Avoid conflicts with rattlesnakes this summer

Rattlesnakes coil tightly when alarmed. Anza Valley Outlook/Diane Sieker photo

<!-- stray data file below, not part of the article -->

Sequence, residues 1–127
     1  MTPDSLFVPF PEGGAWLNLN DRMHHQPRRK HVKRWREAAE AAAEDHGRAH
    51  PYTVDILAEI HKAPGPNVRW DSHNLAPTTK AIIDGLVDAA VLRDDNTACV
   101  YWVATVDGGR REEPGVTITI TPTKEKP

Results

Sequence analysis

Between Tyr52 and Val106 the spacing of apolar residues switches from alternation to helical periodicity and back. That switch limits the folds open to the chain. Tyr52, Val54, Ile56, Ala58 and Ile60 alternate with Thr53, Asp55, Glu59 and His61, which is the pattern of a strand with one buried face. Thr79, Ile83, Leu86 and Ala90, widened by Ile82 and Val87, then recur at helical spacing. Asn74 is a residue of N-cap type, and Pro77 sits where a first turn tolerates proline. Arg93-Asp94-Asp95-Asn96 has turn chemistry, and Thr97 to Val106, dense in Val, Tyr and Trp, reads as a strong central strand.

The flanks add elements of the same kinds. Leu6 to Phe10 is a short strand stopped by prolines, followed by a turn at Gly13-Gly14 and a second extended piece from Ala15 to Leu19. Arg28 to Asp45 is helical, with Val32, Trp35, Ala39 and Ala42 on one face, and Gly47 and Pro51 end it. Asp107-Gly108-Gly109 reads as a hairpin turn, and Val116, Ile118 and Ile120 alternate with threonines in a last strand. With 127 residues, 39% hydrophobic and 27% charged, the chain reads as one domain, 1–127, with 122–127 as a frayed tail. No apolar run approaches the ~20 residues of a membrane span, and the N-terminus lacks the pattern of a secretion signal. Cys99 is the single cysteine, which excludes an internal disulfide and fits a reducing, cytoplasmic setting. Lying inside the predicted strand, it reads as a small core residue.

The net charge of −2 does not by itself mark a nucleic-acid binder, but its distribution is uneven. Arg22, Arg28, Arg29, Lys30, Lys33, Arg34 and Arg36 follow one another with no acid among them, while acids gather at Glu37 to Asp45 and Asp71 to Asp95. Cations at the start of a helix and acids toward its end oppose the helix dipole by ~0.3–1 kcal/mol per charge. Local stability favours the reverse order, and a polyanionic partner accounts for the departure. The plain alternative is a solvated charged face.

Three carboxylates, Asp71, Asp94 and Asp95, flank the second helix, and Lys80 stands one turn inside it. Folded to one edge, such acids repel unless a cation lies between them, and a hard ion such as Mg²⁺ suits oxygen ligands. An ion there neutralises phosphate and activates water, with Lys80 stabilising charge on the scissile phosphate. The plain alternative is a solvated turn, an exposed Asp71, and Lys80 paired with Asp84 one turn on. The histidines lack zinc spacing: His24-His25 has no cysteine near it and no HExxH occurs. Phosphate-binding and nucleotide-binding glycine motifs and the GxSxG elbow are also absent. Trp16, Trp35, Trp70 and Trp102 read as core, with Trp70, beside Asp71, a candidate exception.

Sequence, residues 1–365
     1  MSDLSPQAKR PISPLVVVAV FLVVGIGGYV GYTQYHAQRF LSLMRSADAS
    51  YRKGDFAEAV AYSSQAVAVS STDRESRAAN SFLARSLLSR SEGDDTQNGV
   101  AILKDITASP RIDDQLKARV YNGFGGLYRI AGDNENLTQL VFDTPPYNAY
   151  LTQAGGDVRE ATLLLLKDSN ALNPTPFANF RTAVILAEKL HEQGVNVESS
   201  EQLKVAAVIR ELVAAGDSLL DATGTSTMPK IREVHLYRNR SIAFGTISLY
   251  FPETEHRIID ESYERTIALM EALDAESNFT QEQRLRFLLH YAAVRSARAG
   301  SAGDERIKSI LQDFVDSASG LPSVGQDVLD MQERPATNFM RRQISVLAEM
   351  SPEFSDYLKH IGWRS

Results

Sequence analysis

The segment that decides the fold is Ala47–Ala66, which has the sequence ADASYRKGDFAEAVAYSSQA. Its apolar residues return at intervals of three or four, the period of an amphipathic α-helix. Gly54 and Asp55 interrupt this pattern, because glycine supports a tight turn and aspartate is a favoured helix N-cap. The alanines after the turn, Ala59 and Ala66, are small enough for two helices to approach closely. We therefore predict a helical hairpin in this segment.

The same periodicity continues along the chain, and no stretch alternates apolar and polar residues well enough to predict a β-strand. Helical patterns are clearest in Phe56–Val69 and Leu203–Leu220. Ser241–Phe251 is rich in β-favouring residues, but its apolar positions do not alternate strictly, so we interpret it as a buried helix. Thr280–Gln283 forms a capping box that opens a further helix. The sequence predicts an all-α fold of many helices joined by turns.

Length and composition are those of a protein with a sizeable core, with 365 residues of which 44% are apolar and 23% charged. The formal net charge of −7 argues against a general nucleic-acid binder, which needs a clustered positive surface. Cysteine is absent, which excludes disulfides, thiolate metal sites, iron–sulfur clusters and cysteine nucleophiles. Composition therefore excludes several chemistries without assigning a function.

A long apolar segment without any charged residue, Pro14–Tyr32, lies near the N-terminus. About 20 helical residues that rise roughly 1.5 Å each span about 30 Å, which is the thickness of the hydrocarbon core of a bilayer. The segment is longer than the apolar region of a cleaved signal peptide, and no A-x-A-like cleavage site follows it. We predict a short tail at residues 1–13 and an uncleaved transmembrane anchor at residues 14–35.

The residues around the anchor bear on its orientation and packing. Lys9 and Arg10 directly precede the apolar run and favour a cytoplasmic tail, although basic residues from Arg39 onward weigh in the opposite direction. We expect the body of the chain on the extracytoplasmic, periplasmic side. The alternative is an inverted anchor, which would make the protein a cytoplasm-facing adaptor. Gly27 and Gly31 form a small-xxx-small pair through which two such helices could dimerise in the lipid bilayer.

Rattlesnake sightings have been on the increase in the Anza Valley since the arrival of warmer weather. As temperatures increase, so do the reptiles’ activity levels, as they emerge to hunt after a winter with no food or water.The winter rains have caused unprecedented vegetation growth, resulting in a population explosion of the snakes’ food supply - small rodents like mice, rats and ground squirrels. To hunt, a rattlesnake utilizes heat-sensing organs on each side of its face, called loreal pits, that help it locate prey. Snake species that have these organs are called pit vipers, a group that includes rattlesnakes, water moccasins and copperheads.Unlike other pit vipers, rattlers have dead skin "buttons" on the end of their tails that form a rattle that makes a hissing noise
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